The diverse chemical reactivity of sulfur allows for the cysteine thiol moiety to adopt numerous oxidation states (e.g., sulfhydryl; R-SH, disulfide; R-S-S-R, sulfenic acid; R-SOH, sulfinic acid; R-SO2H, sulfonic acid; R-SO3H) throughout the proteome. As such, cysteine thiols in vivo are susceptible to an array of post-translational redox modifications upon reaction with various reactive oxygen, nitrogen and sulfur species (RONS). The majority of these PTMs are reversible owing to the robust capabilities of the glutathione and thioredoxin redox buffering networks, which under normal conditions maintain the cysteine proteome in a ~90% reduced state (i.e., sulfhydryl state).Dynamic fluctuations in the cysteine PTM landscape (i.e., the "redox code") resulting from acute increases in oxidative input (i.e., increased RONS) have been shown to confer control to various cellular metabolic pathways. Such redox signaling mechanisms are believed to have allowed for increasing organismal complexity throughout evolution and as such the integrity of these networks are critical to mammalian fitness. Not surprisingly, loss of redox homeostasis (i.e, decreased "reductive tone") in response to repeated stress has been implicated as a principle driver of various human diseases and the aging process. The central focus of the lab is geared towards deciphering the redox code and identifying the specific control points which break down in response to stress and drive disease. To address this, we will interrogate a variety of research models (e.g., rodents, cell in culture, human subjects) using a combination of highly sophisticated biochemical functional assay platforms combined with large scale analysis of the proteome using state-of-the art mass spectrometry.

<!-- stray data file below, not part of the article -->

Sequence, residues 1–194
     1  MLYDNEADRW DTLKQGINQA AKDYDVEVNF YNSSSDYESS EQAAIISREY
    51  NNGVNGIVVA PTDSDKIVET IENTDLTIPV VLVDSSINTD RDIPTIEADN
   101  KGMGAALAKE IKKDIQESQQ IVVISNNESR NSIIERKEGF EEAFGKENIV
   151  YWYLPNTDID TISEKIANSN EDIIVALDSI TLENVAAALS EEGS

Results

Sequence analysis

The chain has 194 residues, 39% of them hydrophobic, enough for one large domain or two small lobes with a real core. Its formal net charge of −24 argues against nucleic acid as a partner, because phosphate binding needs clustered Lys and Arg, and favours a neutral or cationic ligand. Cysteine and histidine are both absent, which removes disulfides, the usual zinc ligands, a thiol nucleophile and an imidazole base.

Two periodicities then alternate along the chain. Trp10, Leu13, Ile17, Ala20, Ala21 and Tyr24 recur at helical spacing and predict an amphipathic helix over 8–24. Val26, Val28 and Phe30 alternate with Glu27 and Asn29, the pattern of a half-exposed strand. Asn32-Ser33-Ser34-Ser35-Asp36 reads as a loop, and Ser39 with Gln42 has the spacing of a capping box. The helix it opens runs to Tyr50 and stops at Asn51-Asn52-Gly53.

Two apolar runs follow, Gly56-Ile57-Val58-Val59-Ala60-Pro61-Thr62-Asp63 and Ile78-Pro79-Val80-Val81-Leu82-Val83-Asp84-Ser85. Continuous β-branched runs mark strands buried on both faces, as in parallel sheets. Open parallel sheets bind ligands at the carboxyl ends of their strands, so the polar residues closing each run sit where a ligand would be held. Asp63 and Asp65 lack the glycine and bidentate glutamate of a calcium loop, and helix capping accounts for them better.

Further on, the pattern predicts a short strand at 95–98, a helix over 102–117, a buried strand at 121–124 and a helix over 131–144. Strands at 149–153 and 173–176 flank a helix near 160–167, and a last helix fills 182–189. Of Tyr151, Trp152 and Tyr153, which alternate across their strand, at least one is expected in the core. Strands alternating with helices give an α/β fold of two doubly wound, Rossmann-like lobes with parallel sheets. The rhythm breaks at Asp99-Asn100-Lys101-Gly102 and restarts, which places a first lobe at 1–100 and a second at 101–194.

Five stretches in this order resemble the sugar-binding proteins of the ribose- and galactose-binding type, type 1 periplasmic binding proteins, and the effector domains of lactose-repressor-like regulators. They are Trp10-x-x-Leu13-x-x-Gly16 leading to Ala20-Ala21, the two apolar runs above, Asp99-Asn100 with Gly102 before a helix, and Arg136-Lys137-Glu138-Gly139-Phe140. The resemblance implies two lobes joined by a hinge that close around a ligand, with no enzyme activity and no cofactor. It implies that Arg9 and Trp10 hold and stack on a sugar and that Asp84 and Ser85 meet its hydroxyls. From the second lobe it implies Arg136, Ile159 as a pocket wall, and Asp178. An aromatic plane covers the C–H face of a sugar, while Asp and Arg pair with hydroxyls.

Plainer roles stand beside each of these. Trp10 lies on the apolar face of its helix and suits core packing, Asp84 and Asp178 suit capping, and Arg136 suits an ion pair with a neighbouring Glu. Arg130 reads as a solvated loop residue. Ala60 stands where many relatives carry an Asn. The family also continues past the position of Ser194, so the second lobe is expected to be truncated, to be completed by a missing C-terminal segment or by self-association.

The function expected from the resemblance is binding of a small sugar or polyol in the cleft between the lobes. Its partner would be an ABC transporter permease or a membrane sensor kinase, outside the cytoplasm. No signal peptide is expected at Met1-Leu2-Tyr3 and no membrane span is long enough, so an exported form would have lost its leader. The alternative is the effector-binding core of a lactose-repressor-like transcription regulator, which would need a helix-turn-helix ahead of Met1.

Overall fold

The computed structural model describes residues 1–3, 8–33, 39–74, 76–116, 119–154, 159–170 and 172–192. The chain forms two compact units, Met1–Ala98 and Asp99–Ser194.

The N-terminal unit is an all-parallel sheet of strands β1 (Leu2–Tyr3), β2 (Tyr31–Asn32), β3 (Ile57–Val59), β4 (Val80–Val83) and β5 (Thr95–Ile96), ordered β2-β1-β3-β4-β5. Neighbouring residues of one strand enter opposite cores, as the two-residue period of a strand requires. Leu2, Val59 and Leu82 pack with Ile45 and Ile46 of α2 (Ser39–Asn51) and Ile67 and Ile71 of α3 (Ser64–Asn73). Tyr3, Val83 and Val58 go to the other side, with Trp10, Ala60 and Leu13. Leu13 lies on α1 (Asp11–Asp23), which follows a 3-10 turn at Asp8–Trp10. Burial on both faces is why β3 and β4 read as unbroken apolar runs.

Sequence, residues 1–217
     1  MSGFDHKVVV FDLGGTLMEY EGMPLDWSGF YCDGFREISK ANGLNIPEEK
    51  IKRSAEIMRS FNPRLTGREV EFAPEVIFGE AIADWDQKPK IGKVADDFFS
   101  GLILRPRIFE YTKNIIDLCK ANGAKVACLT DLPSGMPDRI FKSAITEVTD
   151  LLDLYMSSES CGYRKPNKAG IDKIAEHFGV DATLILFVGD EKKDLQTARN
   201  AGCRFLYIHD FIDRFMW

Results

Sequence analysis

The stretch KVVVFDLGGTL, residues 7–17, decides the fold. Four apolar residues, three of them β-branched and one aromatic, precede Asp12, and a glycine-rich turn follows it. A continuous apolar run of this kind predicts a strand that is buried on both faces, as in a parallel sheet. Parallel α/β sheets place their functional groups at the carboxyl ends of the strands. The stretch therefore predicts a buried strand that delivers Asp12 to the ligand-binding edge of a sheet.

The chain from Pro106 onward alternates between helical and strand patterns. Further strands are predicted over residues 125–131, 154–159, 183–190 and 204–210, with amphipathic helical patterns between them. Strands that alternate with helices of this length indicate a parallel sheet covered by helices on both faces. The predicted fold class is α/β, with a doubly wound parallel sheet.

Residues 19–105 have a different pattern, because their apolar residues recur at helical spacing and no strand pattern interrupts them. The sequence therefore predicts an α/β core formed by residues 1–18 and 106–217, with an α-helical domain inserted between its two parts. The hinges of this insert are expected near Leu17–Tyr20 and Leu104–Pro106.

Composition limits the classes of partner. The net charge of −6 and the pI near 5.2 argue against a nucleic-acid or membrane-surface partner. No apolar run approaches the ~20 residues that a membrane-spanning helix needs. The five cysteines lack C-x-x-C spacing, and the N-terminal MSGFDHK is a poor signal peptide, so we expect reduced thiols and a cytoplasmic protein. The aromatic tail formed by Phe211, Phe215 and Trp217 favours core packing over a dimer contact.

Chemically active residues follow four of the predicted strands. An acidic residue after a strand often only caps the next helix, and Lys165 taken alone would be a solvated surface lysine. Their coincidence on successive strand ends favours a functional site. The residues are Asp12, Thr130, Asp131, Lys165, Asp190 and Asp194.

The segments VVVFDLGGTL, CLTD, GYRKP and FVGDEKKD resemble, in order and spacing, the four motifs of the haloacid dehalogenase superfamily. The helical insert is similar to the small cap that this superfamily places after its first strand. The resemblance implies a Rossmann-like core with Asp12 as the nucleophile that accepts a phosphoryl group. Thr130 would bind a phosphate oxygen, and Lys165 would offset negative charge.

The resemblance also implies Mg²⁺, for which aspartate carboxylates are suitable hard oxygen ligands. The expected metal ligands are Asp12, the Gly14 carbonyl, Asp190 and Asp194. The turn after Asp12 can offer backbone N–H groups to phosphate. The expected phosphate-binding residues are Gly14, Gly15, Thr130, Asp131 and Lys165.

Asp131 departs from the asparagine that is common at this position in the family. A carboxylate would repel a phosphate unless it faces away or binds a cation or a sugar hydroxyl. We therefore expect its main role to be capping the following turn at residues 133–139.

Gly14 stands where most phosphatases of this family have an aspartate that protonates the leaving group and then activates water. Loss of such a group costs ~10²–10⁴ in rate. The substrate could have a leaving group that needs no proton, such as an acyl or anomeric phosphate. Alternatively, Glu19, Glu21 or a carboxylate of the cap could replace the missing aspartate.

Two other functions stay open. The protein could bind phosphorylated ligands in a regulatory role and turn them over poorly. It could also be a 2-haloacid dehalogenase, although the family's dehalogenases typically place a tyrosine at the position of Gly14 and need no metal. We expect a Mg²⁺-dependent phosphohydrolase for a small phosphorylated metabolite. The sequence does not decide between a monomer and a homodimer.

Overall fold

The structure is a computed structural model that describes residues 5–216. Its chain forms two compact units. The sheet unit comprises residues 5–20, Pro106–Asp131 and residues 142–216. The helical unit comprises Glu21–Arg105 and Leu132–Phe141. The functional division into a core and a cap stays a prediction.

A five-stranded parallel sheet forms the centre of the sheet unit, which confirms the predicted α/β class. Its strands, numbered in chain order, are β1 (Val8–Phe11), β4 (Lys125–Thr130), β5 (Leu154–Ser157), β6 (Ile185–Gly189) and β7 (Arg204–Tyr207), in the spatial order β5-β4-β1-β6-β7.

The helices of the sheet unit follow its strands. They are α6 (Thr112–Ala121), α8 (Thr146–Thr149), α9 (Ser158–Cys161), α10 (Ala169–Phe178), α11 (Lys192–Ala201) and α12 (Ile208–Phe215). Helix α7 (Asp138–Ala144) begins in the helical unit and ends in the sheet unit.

The Geyer Lab